Refreshed for the modern era by Yabu Pushelberg, a wine country retreat is beautifully reborn
Written by Amy Adams
Photos courtesy of Las Alcobas
Well-known for masterfully creating extraordinary spaces around the globe—from luxury retailers like Barneys New York, to opulent hotels like The London Edition and Waldorf Astoria in Beijing—international design firm Yabu Pushelberg makes a mark closer to home with its re-creation of historic Las Alcobas, a Luxury Collection hotel, in lovely St. Helena, Napa Valley.
From Orange County, there are a number of routes that lead to California’s coveted wine country. Sometimes I fly to San Francisco then drive the 60-plus miles to Napa, but on this particular trip, I drive the whole distance, glimpsing all the quaint towns and beautiful topography from the ground, and spending one night in Carmel Valley. I head out early the following morning; once I reach Yountville, I know am close to the hotel, but before arriving there I make a leisurely stop at Bouchon Bakery for an Americano and at least one of their delicious French desserts. After somewhat of a long drive, I feel I’ve earned this tiny, but sweet, indulgence.
An hour later, I arrive at Las Alcobas and am pleasantly surprised. Since the hotel was newly restored earlier this year, I’ve forgotten what used to be here, and what it looked like. Steering toward the valet, I’m completely struck by the splendid Georgian-like dwelling before me. It’s white, grand and discreetly luxe with sophisticated craftsmanship and a wide porch that wraps invitingly around the entire façade.
From the entrance, I’m welcomed by a team of attentive staff, one of who leads me from my car through the property and to my quarters. (There’s no “check-in” process as with many other hotels.) As we meander the grounds, I notice three additional buildings. More modern in aesthetic, each structure has its own unique character; all, meanwhile, are artfully adjoined by an expansive verdant lawn. The building on my left, the Acacia Barn, is also white, exuding natural appeal, while modernized with stacked black steel framed glazing set inside wooden posts supporting the gable end. In contrast, the spa building on my right is an earthy tone, and the three-story accommodations toward the back of the property are an unimposing juxtaposition of farmhouse modern meets chic ski lodge. As I enter my room, I survey the cozy space—it’s minimal, but finely appointed with muted decor like creamy floor-to-ceiling linen drapes, a lone ash wood and leather side chair that resembles a contemporary take on a Windsor chair, a farmhouse glass-topped trestle table, and earthy gray wood planks that stretch to the focal point of the room: a spacious deck with a fire pit overlooking mesmerizing views of lush Beringer vineyards.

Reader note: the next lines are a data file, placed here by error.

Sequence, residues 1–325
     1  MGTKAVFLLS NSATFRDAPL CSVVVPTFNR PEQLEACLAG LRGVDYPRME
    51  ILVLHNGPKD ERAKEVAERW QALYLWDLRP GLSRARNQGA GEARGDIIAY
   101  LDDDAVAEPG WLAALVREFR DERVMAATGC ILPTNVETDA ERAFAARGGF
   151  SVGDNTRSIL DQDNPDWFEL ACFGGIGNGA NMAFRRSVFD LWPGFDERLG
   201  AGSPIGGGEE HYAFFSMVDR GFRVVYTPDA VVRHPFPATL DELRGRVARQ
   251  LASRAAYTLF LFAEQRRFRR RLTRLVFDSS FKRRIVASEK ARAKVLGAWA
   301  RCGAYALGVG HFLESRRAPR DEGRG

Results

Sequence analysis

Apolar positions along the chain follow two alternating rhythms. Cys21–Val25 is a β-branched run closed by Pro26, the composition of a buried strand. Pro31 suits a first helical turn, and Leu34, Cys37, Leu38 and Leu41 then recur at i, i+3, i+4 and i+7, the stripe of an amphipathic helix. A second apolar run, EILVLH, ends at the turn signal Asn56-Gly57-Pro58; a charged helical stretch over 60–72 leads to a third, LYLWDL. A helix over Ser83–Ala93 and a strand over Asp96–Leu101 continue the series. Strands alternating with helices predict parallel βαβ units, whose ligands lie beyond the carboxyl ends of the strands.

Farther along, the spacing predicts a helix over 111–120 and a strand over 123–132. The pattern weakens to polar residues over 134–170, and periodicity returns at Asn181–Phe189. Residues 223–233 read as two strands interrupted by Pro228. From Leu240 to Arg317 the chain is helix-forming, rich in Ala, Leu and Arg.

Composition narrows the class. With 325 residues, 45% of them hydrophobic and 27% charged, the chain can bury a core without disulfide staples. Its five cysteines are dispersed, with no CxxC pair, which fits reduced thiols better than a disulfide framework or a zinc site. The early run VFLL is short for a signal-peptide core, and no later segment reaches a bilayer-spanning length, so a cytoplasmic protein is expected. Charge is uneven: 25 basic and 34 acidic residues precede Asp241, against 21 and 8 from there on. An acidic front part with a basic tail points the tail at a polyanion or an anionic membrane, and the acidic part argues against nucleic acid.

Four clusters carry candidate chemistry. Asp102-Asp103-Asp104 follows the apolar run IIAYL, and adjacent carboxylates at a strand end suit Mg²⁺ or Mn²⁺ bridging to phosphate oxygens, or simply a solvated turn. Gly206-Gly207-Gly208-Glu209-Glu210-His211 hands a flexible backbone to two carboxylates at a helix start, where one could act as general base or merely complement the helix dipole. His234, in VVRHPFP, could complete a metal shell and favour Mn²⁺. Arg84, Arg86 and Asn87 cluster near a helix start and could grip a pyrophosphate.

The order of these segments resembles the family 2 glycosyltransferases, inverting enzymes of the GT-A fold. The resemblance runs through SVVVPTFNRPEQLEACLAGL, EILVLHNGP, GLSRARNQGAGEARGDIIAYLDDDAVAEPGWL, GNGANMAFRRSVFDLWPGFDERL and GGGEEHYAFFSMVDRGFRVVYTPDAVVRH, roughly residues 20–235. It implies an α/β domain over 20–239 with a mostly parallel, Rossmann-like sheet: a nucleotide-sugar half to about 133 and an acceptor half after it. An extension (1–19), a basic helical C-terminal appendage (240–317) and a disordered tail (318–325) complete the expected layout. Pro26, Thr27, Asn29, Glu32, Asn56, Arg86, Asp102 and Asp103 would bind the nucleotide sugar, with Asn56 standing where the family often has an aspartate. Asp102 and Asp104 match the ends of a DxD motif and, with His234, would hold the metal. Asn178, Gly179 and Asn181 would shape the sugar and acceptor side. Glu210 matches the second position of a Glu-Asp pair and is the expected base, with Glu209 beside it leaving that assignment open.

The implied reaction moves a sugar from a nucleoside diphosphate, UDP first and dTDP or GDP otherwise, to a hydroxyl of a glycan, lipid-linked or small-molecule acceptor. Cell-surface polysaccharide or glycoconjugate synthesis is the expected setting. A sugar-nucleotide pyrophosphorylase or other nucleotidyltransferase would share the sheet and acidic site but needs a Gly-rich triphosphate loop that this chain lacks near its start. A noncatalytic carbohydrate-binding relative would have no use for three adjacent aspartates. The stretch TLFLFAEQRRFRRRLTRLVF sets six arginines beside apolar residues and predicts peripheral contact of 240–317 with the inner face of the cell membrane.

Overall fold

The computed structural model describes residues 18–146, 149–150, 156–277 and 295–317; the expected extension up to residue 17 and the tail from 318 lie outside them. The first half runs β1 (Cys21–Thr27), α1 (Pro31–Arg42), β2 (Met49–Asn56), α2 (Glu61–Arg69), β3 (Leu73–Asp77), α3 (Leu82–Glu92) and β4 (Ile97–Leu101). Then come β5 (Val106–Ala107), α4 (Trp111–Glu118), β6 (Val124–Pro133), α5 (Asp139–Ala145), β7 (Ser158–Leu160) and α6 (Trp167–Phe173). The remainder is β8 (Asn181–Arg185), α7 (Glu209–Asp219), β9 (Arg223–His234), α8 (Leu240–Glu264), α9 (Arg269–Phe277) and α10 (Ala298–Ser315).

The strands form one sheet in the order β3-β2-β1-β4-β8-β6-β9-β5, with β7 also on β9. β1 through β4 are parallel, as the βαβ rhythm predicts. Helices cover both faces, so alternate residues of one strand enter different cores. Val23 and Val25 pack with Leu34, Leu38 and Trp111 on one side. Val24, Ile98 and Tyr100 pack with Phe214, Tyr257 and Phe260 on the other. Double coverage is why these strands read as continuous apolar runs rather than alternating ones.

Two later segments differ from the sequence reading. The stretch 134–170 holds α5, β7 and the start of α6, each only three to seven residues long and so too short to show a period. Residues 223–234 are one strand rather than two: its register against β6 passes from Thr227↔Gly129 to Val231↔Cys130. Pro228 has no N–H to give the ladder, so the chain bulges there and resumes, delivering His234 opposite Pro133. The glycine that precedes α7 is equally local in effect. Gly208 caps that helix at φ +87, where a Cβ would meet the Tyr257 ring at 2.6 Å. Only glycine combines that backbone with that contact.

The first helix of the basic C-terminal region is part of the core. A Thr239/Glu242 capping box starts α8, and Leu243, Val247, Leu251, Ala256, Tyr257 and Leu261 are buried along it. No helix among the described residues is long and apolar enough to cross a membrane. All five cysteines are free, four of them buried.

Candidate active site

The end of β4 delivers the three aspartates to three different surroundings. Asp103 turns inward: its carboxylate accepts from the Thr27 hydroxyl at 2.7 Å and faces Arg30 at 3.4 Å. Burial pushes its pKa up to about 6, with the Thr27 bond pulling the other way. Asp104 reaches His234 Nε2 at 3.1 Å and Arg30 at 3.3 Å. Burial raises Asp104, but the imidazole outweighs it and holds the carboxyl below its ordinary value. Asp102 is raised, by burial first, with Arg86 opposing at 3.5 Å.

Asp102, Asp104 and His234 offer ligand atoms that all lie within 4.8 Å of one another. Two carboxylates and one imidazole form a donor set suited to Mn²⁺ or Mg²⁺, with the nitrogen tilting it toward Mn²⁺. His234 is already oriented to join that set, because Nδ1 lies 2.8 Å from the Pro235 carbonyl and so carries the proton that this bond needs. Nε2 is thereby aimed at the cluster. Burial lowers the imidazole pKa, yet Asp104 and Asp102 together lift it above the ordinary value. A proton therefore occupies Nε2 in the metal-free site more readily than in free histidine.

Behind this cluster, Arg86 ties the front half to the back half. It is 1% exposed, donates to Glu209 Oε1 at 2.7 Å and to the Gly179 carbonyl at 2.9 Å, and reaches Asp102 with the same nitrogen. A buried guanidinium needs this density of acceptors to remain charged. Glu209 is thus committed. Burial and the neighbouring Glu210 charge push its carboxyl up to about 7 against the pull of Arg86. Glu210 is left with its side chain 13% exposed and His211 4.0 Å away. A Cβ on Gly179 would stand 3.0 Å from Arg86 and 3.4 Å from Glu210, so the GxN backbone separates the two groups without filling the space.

With a vision such as this and accommodations so enchanting, it’s easy and quite enjoyable whiling away the next couple of days marveling at the vineyards just a few feet beyond, reading on the deck and sipping wine by the fire after the sun has set. I also make a visit to the spa, atrio, where I choose a blend of essentials oils used during my massage. The treatments are designed to strengthen one’s overall wellbeing, which mine certainly achieves. Both the delightful scents I select (a melange of orange and lemon) and the massage I receive leave me feeling completely relaxed and at ease. But I can’t help but feel that it’s not only the massage… because everything about this place feels like a much-loved retreat.
For the final night of my stay, I save the best for last: a fascinating dining experience at Acacia House, helmed by celebrity chef, Chris Cosentino. I’d been eyeing the menu all week, uncertain how to narrow down my choices with so many enticing options available. But alas, I decide on some novelty selections I might not find closer to home. To start: “Chips & Dip.” Not just any ordinary chips and dip, mind you, but beautifully whipped lebneh topped with caviar and served with homemade, perfectly salted gaufrettes. Superbly savory. Followed by: “Surf & Turf,” delicate and crispy sweetbreads with a light lobster ravigote. And for the final course: “Iberico Pork Schnitzel.” Quite possibly one of the most divine things I’ve ever tasted, with an exquisite crisp and crunchy exterior with a moist interior, a mount of arugula and topped with a sprinkling of caviar. (My mouth still waters just thinking about it.)
Beautiful any time of year, this boutique hotel is a destination location in and of itself, for its remarkable design, attentive staff, and prime location to lauded restaurants and award-winning vineyards. A true vision, one that manifests rarely—and only from the mind of a master visionary.